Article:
2. Teach your dog the ‘leave’ command

I like to teach the leave command around meal times. I ask the dog to leave their food or a treat and then reward them, either with a piece of kibble, praise or by sending them to their food bowl, if they do as I ask. So, for example, ask the dog to sit, then put a treat (either a piece of kibble or their favourite ball, etc) on the floor and, after a period of time when she’s waited calmly, recall her to you (so that she has to come past the distraction or food) and reward her with a piece of food or praise — but not the treat that you’ve left on the floor. The key is using another piece of kibble or food from your own pocket, or praise: that makes it an earned reward for doing the right thing, not a bribe to elicit the correct response.

Teaching patience and control will make a huge difference to you and your dog.

3. Keep practising until your dog understands the ‘leave’ command

Once you’ve practised this a few times, you’re ready to move on. When your dog next gets hold of some paper and is chewing it in front of you, firmly give the ‘leave’ command and call the dog to you at the same time, whilst showing her the kibble reward in your hand. I would then ask her to sit and place the reward on the floor in front of her whilst you collect the paper and put it in the bin. Once you’ve closed the bin lid, release your dog to let her have the food reward or pick it up and give it to her from your hand.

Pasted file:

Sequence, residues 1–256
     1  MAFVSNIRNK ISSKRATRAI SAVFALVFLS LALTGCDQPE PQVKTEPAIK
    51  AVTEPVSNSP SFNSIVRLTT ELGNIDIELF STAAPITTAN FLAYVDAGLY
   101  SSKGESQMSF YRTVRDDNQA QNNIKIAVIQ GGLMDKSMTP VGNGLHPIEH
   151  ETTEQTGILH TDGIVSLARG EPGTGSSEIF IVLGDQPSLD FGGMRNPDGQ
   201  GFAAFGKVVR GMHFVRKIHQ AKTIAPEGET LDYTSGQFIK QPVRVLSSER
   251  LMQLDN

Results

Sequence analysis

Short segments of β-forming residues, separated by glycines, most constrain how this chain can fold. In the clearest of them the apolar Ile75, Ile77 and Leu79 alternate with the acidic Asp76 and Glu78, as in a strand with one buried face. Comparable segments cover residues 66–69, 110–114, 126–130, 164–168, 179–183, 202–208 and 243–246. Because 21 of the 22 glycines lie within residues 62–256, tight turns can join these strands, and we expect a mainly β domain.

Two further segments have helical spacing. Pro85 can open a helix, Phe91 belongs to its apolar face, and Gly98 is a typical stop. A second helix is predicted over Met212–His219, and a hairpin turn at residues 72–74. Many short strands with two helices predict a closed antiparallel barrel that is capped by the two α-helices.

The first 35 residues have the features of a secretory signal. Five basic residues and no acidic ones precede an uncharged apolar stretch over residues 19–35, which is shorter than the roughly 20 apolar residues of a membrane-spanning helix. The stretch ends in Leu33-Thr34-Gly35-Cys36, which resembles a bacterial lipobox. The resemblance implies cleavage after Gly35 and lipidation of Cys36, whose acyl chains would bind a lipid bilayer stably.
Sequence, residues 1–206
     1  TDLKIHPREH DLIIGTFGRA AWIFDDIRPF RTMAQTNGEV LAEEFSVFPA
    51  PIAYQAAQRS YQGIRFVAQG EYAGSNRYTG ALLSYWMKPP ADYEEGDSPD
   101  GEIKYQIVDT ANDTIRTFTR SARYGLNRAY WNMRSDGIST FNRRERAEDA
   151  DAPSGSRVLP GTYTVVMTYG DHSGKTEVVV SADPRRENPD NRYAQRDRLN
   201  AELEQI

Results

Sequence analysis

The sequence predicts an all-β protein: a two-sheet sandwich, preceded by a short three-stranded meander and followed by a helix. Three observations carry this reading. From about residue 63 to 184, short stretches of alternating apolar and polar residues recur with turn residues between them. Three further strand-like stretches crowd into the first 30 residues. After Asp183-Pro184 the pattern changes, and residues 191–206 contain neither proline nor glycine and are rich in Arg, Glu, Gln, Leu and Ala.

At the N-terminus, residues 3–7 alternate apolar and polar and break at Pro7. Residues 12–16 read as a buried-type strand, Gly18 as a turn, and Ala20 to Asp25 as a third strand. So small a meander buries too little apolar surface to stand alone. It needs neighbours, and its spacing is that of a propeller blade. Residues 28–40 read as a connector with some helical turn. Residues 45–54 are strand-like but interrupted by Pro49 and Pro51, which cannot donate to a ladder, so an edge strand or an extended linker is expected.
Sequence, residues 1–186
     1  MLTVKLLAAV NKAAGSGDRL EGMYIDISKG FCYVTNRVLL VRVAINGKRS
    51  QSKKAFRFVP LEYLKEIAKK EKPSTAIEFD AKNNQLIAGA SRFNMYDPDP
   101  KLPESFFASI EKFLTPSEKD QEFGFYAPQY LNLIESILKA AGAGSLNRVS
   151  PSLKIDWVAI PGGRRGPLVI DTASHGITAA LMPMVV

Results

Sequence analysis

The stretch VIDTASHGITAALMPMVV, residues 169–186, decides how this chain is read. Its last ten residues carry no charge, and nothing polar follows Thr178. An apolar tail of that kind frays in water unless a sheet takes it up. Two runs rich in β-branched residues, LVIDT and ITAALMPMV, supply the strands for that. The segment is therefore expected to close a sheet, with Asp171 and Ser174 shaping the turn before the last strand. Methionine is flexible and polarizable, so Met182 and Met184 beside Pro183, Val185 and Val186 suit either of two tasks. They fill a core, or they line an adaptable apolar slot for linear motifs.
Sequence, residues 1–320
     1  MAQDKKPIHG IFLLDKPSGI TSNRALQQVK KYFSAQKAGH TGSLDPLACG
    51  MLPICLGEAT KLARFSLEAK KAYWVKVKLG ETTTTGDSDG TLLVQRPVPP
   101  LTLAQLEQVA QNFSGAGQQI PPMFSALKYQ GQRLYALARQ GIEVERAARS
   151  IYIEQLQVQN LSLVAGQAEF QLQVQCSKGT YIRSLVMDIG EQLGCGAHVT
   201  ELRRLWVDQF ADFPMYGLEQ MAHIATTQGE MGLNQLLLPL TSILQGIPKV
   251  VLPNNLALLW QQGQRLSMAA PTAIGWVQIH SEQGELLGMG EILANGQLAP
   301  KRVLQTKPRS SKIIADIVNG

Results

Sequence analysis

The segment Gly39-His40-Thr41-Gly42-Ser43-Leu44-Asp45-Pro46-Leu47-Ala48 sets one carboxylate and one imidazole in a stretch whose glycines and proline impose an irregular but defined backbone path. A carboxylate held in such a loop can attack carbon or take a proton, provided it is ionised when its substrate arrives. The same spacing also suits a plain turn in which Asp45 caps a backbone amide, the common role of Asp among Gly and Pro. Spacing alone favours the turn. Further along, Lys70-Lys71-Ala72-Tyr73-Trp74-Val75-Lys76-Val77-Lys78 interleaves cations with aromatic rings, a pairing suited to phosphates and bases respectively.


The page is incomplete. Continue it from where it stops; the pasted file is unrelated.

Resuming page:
4. Create scenarios to reinforce the ‘leave’ command

When you have instilled the leave command in the dog and started to build her trust, you can often simulate this scenario throughout the day by dropping or placing a distraction (whether it be food or a much-loved toy) that they want on the floor. The more you practice this, the better your dog will become at ignoring these distractions. Repetition is so important: would a dog learn to sit better if you asked it to do so once a week, or multiple times per day?

5. Extend the length of time that you ask your dog to wait

Reinforce and perfect all of this by teaching your dog to sit patiently at each of her meal times for extended periods of time whilst you are pottering about the kitchen or the garden. This will help to teach her great patience and control, and help her to be more calm and relaxed around all sorts of distractions, both in and out of the home. It will also encourage a closer, more trusting bond between you and your dog because your dog will start to see you as the person who allows them to have these rewards and she will think: ‘If I work as part of a team with this person, then I will be rewarded, either with lavish praise or food.’

For more detailed advice about Ben Randall’s positive, reward-based and proven BG training methods, one-to-one training sessions, residential training or five-star dog-boarding at his BGHQ in Herefordshire, telephone 01531 670960 or visit For a free seven-day trial of the Gundog app, which costs £24.99 a month or £249.99 a year, visit